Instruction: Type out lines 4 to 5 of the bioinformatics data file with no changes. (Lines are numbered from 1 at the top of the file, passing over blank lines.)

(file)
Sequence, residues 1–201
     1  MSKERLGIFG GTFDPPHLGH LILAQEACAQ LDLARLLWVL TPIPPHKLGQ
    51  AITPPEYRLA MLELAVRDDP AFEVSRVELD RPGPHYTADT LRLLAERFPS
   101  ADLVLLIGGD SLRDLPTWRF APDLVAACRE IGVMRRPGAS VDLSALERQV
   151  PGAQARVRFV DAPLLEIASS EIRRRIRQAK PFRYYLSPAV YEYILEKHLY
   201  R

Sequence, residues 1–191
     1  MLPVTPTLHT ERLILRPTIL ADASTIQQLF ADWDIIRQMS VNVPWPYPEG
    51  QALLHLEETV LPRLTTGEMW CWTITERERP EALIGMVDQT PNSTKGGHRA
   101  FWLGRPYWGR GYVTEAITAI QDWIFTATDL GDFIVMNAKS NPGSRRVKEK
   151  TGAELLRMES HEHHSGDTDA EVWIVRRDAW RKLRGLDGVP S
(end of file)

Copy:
   101  ADLVLLIGGD SLRDLPTWRF APDLVAACRE IGVMRRPGAS VDLSALERQV
   151  PGAQARVRFV DAPLLEIASS EIRRRIRQAK PFRYYLSPAV YEYILEKHLY